Grossman’s former office is tucked into a far corner of the apartment, off the kitchen. In it, she has a wall of photographs of her favorite musicians. She points to Aretha Franklin’s photo and confesses that if the literary world hadn’t grabbed her, she would have liked to have become a blues singer. Grossman’s floor-to-ceiling bookcase has “shelves for books I’ve read and shelves for books I translated so I can give them to people.” She gives me a copy of The Golden Age: Poems of the Spanish Renaissance, which she compiled for Norton. “I can’t do a scholarly collection for you,” she told the editor. “This has to be my choice of poems by poets I like.” The compilation begins with Jorge Manrique’s Coplas” and ends with Sor Juana Inés de la Cruz. When I comment on the shelf containing Cuban writer Mayra Montero, Grossman says, with gusto, “Ah, my dear Mayra, she’s such a talented writer.” Montero’s novel Dancing to “Almendra,” which Grossman translated, was a New York Times notable book for 2007. It was a good year. Grossman also had Spanish writer Carmen Laforet’s Nada on the Washington Post’s best-of list, while Vargas Llosa’s The Bad Girl was highlighted on both lists.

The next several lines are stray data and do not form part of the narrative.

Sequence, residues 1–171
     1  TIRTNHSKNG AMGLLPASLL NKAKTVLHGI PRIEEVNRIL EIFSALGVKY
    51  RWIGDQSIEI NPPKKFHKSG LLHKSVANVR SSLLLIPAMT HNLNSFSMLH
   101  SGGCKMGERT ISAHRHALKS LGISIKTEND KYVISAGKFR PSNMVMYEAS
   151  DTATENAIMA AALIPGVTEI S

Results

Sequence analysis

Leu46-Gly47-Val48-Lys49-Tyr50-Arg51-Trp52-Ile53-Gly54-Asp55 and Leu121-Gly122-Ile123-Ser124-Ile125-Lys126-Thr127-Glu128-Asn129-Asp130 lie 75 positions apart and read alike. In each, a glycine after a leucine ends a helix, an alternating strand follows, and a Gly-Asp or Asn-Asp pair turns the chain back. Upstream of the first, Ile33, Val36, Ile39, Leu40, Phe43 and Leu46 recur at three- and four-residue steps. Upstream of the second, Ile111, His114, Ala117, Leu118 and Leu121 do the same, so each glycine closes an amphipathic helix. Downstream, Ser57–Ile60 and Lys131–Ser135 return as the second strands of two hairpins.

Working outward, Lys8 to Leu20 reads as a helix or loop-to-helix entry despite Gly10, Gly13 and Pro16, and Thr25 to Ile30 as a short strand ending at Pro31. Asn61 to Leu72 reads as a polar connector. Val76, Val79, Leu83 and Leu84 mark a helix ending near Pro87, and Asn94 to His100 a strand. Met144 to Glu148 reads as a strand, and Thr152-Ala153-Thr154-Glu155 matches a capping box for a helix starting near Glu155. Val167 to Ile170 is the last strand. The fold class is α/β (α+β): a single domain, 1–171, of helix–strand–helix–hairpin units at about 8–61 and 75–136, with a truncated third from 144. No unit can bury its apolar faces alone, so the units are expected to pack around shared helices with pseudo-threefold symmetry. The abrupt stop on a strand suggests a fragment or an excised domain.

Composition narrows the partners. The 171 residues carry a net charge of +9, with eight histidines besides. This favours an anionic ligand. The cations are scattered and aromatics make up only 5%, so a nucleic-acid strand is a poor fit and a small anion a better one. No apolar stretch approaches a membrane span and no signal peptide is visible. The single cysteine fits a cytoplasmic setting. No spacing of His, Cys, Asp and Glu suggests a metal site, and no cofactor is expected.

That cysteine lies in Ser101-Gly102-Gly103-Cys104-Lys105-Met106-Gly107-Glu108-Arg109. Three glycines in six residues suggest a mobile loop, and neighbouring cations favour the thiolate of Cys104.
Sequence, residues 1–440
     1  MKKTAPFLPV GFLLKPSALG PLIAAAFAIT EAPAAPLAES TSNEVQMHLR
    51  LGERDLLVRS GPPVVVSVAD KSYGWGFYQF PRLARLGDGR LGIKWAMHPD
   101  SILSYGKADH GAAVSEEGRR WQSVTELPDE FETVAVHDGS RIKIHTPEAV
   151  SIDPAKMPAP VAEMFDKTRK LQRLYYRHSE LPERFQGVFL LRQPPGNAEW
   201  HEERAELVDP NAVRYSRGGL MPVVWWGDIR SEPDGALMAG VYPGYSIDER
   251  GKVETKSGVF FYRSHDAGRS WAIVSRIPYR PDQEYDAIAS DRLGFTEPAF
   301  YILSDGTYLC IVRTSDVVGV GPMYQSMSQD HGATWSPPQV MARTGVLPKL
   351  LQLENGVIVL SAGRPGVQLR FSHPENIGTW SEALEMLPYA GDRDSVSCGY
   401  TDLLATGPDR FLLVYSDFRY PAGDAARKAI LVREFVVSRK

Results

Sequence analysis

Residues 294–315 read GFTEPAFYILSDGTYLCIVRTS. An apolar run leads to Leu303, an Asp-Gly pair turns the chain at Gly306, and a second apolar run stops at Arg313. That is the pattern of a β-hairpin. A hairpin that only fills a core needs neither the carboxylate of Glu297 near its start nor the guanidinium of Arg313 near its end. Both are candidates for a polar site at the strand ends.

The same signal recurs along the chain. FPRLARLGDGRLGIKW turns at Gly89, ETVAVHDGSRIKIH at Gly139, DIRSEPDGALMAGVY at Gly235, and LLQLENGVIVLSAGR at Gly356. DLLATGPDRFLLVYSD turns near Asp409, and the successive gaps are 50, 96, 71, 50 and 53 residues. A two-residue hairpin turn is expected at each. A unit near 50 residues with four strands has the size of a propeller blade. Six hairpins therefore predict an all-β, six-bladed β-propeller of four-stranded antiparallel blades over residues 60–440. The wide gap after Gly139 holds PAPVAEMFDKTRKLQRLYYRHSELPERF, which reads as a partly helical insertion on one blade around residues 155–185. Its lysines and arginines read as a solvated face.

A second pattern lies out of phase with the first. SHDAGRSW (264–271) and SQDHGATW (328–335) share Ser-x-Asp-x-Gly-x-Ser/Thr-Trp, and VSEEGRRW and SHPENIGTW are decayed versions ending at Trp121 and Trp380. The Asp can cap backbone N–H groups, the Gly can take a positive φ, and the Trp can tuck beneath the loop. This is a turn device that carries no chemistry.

We pass a spacious dining room where she keeps Russian and German writers in one bookcase and British writers in another. In her rustic living room, with its low-lined bookcases, jazz station WBGO blares in the background. She shuts it off and blames the radio station for why she could never work anywhere but New York City. “You never have to get up and change the CD,” she says. We talk Auster, Saramago, Roth, Coetzee; I spot them on the shelves but wind up returning to Spanish-language writers, which leads to history’s greatest novel, Don Quixote. Ecco’s Dan Halpern once called Grossman to propose that she take on a translation of Cervantes’s masterpiece. “I said, ‘Dan, you sure you want me? I do contemporary Latin American writers.’” Halpern said yes.